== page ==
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Desert God – Book Review

5 May 2016

Desert God is the fifth book in Wilbur Smith’s series of novels set in Ancient Egypt.  The novels follow the rise of the Eunuch slave, Taita, who is the main protagonist of the series.  I will try not to include any plot spoilers here, but there is necessary reference to the four previous books, so if you haven’t read those, stop now!  I highly recommend River God, the first of the series, which introduces us to Taita and the world of Ancient Egypt that is split asunder by the invasion of the Hyksos Hordes.

Taita, a resourceful and intelligent slave leads the Pharoah’s wife (Lostris), and his mistress (owner, rather than lover) on an escape from the Hyksos hordes up the Nile, rebuilding the Egyptian forces in the process ultimately for a triumphant return to Egypt.  The sequel, the Seventh Scroll, is also well worth a read, following the story through the eyes of archaelogists unearthing the hidden secrets of the Egyptian’s flight from the Hyksos.

I thoroughly enjoyed the adventure and excitement of the first book, grand battles and excitement.  The second was an enjoyable revisiting.  Taita was a difficult character to like, perfect at everything, immodest in his narration of his own brilliance, and always managing (ultimately) to outsmart the enemies of Egypt.  However, it was the supporting characters, Taita’s loyalty to them, and the evocation of ancient Egypt that made this book worth reading.  The second was an interesting angle to revisit the same ground and familiar characters.  For me, however, the character of Taita begins to wear thin in the subsequent novels Warlock and the Quest.  Without going to far into those stories, Taita (at 156 years old in the fourth novel) becomes almost an omnipotent character, consistent with Egyptian mythology, but focusing on the aspects of his character that are hard to love.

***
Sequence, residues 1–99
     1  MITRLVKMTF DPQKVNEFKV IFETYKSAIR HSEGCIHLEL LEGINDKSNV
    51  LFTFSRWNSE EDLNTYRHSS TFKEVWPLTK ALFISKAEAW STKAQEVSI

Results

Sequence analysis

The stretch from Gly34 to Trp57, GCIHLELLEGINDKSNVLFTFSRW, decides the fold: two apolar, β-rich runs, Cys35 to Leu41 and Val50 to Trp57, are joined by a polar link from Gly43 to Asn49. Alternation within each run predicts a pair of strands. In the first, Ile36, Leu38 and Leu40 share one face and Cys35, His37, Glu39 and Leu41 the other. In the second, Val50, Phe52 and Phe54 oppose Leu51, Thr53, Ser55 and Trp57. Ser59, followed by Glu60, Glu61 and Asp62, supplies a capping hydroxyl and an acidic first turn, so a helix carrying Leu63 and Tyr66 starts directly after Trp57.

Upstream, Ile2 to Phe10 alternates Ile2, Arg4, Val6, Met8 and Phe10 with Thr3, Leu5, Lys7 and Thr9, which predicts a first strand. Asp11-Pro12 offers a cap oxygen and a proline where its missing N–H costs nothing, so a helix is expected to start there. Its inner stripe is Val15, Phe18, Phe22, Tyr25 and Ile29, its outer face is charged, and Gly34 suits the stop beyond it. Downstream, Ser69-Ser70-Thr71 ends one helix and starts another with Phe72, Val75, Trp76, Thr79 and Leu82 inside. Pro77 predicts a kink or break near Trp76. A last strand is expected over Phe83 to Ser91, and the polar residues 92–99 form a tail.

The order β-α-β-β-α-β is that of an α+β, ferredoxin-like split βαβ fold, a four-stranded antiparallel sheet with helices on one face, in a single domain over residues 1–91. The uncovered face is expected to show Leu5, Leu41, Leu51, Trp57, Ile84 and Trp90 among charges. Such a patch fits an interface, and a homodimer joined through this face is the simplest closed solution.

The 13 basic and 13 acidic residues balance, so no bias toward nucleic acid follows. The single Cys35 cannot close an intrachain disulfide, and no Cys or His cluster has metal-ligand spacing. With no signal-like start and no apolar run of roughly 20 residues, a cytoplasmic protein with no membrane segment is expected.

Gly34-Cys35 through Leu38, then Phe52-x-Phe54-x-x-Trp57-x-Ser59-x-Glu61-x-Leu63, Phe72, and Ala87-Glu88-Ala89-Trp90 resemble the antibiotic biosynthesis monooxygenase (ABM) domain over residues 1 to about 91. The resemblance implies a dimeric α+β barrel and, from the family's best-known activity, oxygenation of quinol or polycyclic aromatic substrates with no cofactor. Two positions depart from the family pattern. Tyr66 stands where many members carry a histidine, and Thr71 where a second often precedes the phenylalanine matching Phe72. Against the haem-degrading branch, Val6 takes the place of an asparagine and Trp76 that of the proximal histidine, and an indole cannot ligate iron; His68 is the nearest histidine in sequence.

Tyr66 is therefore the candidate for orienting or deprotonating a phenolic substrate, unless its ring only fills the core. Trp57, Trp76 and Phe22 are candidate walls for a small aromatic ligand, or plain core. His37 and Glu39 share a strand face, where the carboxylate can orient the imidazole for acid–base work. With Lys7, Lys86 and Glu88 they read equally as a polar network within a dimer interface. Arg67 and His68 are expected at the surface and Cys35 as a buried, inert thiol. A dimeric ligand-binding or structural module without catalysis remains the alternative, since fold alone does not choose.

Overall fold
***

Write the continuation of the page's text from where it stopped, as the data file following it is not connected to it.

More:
I was surprised to learn that there was another novel after this, initially downloading it as a free Ebook for my Kindle, and misremembering the titles of the previous books (River God… Desert God, I would have paid more attention if it had not been free and it had been several years since I struggled through the Quest).

The story jumps back in time (within the series) set in Ancient Egypt but before Warlock.  Taita is a revered advisor to Pharoah Memnon, son of Lostris, and father figure to Tamose’s sisters Tehuti and Bekatha.  This is a promising start and launches with a raid on Hyksos soil to foment discord amongst the enemies of Egypt to seek an alliance with the Supreme Minos of Crete.  This is much more in the vein of the original River God but Taita has got even more full of himself, and condescending, describing fairly obvious stratagems as “genius in their simplicity”.  The fact that these stratagems work out makes this book more akin to a boastful death bed story than the seats of your pants adventure of River God.  To hear it told Taita has invented everything of use in the modern world, irrigation, the wheel, theories on warfare, I am half expecting him to make a machine to slice bread in the later chapters.  I have perhaps become used to the dry narrative voice of Bernard Cornwell who’s characters, whilst boastful, are not perfect.

Some other points in the book grate – the raid nets 600 Lakhs of silver, which Taita calculates would pay for 10,000 warships, instantly making Pharoah the richest King in the world, yet is only guarded by three ships and two thousand men who are separated from the treasure by a bridge that succumbs to being rammed.  I’m sorry, I don’t quite follow that.  Taita has a network of spies to pick up the juiciest of saucy gossip, but doesn’t worry over much that thousands of emancipated slaves won’t mention the tonnes of Silver they have been offloading in any taverns…?  In fairness, I haven’t finished the book yet and this could all be part of the plot that comes back to bite the arrogant Taita. I have since finished the book and won’t give the plot away, but found the final third lacklustre and disappointing.

Nevertheless, the story is a good romp, notwithstanding Wilbur Smith’s penchant for unnecessarily detailed description of genitalia and teenage love stories.  An okay holiday read but not a great addition to the series.

Characters : 8 / 10

Plot: 5 / 10

Action: 7 / 10

Gripping: 6 / 10

General: 5 / 10

Total: 62%

From → Books, My ramblings

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